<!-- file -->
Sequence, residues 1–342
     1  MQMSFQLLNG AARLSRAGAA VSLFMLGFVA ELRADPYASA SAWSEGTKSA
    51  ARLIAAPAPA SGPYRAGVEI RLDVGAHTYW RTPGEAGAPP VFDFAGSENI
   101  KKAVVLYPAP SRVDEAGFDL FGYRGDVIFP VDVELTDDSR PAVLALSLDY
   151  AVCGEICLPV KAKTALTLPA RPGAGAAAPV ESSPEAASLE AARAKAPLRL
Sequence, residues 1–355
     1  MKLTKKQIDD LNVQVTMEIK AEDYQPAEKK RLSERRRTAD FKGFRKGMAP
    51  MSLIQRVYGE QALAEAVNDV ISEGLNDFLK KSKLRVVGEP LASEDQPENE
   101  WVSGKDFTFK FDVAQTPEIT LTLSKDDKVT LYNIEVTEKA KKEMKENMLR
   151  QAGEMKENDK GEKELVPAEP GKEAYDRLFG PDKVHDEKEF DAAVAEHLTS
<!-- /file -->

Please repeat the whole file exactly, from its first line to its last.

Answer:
Sequence, residues 1–342
     1  MQMSFQLLNG AARLSRAGAA VSLFMLGFVA ELRADPYASA SAWSEGTKSA
    51  ARLIAAPAPA SGPYRAGVEI RLDVGAHTYW RTPGEAGAPP VFDFAGSENI
   101  KKAVVLYPAP SRVDEAGFDL FGYRGDVIFP VDVELTDDSR PAVLALSLDY
   151  AVCGEICLPV KAKTALTLPA RPGAGAAAPV ESSPEAASLE AARAKAPLRL
Sequence, residues 1–355
     1  MKLTKKQIDD LNVQVTMEIK AEDYQPAEKK RLSERRRTAD FKGFRKGMAP
    51  MSLIQRVYGE QALAEAVNDV ISEGLNDFLK KSKLRVVGEP LASEDQPENE
   101  WVSGKDFTFK FDVAQTPEIT LTLSKDDKVT LYNIEVTEKA KKEMKENMLR
   151  QAGEMKENDK GEKELVPAEP GKEAYDRLFG PDKVHDEKEF DAAVAEHLTS